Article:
“Everest” is a visually breathtaking film about the insanity of the human desire to conquer.

Famous mountaineer, Gregory Mallory, wrote of Mount Everest, “If you cannot understand that there is something in man which responds to the challenge of this mountain and goes out to meet it, that the struggle is the struggle of life itself upward and forever upward, then you won’t see why we go. What we get from this adventure is just sheer joy… That is what life means and what life is for.” Mallory died in 1924 on his third attempt to be the first to summit the world’s highest mountain.

There are many reasons why the professional and amateur climbers in the film, Everest, give for risking their lives to spend a few seconds at the top of the world. “Because it’s there,” says one. “I have kids. If they see that a regular guy can follow impossible dreams, maybe they’ll do the same”, explains another. It’s the pinnacle of humankind’s insatiable desire to conquer nature, to bend her to our will. But, this beast can only be conquered if she lets you.

In this feature film Icelandic director, Baltasar Kormákur, tells the fateful true story of two expeditions, led by rival professional moutaineers, who attempt to summit on the 10th of May 1996. On the one side is the impulsive, hotshot, original hipster American, Scott Fischer (Jake Gyllenhaal), and on the other is the humble, dedicated New Zealander, Rob Hall (Jason Clarke), who leaves behind a pregnant wife, Jan (Keira Knightley), to make dreams come true. Rob’s team includes the cocky, Texan doctor, Beck Weathers (Josh Brolin), journalist John Krakauer (Michael Kelly), and Japanese climber Yasuko Namba (Naoko Mori), who has conquered six of the world’s seven biggest peaks, and now wants to complete the tally.

It’s an exercise in insanity. As Rob tells his team: “You, my friends, are following in the very footsteps of history; something beyond the power of words to describe. Human beings simply aren’t built to function at the cruising altitude of a 747.Our bodies will be literally dying. Everest is another beast altogether.”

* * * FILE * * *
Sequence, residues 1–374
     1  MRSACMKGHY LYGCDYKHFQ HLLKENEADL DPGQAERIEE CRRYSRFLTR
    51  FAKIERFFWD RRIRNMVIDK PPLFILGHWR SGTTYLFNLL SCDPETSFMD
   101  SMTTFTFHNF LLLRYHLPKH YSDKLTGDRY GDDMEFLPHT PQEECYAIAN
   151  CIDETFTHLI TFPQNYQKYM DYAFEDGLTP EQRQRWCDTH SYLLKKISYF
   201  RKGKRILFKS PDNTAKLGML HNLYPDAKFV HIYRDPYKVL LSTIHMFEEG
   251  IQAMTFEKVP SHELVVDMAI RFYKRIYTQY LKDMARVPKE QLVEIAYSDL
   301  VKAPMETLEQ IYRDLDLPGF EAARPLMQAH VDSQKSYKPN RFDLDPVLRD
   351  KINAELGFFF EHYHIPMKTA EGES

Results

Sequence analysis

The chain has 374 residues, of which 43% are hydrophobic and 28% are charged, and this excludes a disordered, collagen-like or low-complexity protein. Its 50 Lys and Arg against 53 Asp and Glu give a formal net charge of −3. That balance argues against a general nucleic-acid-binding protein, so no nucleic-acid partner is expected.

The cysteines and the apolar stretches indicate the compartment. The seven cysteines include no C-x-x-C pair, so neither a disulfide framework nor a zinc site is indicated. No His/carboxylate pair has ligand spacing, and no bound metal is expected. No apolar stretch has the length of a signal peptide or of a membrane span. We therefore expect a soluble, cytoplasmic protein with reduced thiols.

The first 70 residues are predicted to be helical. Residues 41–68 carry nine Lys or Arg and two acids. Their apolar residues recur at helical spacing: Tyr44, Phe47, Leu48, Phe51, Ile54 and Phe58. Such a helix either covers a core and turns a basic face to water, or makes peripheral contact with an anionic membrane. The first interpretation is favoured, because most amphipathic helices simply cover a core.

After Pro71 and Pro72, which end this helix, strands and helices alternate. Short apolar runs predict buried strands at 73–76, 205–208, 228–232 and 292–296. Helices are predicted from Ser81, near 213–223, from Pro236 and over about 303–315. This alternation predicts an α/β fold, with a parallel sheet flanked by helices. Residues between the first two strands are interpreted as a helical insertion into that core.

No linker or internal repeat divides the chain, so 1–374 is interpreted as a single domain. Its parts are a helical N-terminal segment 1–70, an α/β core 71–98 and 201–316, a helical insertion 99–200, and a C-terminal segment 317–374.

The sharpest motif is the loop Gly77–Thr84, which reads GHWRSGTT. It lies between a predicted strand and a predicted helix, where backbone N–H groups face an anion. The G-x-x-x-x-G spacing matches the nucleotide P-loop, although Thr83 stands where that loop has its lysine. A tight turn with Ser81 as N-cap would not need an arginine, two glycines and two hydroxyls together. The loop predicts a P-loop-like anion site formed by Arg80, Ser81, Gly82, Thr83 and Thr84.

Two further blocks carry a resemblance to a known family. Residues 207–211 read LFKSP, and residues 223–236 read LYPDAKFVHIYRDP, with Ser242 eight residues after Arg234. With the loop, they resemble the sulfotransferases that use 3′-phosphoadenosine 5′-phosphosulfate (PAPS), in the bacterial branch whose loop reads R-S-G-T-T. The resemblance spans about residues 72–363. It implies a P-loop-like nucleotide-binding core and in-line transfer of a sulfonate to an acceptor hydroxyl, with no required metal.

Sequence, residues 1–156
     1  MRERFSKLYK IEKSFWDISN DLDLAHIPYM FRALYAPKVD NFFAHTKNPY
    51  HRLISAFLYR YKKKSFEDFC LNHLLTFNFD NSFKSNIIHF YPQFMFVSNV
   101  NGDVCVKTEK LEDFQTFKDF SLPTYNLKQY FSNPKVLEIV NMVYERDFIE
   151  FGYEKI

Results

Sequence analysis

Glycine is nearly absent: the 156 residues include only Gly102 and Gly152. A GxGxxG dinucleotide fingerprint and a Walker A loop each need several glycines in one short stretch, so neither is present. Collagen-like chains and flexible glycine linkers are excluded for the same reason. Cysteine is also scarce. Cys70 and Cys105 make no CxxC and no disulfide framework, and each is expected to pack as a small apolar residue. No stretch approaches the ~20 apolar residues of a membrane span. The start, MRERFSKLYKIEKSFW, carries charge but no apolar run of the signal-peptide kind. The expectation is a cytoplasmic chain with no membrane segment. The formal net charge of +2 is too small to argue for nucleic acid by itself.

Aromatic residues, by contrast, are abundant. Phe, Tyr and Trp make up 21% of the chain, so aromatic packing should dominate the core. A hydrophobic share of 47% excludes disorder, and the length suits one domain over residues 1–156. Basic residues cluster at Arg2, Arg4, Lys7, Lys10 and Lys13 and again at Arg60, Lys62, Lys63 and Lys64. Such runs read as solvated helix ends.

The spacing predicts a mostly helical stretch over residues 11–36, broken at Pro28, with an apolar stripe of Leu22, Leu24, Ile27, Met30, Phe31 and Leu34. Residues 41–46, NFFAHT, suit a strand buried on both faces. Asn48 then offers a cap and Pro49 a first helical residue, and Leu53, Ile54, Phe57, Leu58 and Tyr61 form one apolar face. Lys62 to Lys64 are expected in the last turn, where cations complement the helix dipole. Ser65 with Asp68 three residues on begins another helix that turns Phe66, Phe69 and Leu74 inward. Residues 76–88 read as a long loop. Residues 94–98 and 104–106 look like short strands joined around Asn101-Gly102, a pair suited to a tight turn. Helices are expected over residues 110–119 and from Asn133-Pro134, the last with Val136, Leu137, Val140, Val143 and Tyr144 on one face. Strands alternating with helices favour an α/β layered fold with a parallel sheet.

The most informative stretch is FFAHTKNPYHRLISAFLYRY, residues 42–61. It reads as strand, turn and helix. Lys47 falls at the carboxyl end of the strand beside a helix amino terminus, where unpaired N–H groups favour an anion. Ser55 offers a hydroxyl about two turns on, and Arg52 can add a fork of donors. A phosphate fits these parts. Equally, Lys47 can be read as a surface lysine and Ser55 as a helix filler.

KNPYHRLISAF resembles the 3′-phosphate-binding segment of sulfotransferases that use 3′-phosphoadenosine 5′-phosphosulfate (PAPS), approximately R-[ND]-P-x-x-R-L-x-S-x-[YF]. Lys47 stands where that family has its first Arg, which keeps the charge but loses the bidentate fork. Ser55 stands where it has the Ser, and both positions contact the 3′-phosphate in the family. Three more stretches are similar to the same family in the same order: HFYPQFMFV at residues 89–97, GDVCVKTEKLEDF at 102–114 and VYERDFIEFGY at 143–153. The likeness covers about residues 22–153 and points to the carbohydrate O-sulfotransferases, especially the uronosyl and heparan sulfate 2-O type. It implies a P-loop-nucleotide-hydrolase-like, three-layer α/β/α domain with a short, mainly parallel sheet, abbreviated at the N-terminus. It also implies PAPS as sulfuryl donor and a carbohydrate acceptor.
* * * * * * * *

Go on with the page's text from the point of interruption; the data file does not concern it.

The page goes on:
The climb starts well, but the day before the final ascent a freak storm hits. At first it appears like the team won’t be able to summit. When the weather clears the next day, Rob leads the team up. Some fall ill, some make it to the top. Flags are planted. Tears are shed. The zenith, the ultimate in human achievement completed. But, another super blizzard is on the way. The climbers try to hurry down, and an epic battle for survival ensues, a painful fight not everyone can win.

Everest is described as an action adventure-thriller, but is also about exploring the pure madness (yet inspiring) aspect of human nature that drives a person to strive for the impossible. The star of this show is the mountain herself. Much of the movie was filmed at Everest’s base camp, while of course CGI is used to help create the breathtaking shots of never-ending crevasses, hellish peaks, and sheer drops. It is well worth watching the film in IMAX 3D, which made my head spin with vertigo. This ice desert shown on a larger-than-life screen overwhelms, and I could almost see my breath fogging up in front of me. This is the closest most of us will come to the menacing colossus of Everest, and the film is a surreal and visceral experience.

Director: Baltasar Kormákur

Cast: Jason Clarke, Jake Gyllenhaal, Keira Knightley, Josh Brolin, Emily Watson

Rating: 4 out of 5

South African release date: 18 September 2015.

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